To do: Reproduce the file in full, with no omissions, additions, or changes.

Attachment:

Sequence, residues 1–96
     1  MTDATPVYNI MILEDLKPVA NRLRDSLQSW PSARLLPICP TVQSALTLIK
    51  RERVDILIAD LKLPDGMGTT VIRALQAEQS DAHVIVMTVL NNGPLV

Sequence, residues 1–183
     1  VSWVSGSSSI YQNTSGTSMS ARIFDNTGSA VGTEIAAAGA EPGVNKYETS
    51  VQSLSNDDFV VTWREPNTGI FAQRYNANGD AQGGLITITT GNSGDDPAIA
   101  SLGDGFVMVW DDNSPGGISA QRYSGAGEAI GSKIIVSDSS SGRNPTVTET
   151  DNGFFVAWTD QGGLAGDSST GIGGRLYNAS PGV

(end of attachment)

Sequence, residues 1–96
     1  MTDATPVYNI MILEDLKPVA NRLRDSLQSW PSARLLPICP TVQSALTLIK
    51  RERVDILIAD LKLPDGMGTT VIRALQAEQS DAHVIVMTVL NNGPLV

Sequence, residues 1–183
     1  VSWVSGSSSI YQNTSGTSMS ARIFDNTGSA VGTEIAAAGA EPGVNKYETS
    51  VQSLSNDDFV VTWREPNTGI FAQRYNANGD AQGGLITITT GNSGDDPAIA
   101  SLGDGFVMVW DDNSPGGISA QRYSGAGEAI GSKIIVSDSS SGRNPTVTET
   151  DNGFFVAWTD QGGLAGDSST GIGGRLYNAS PGV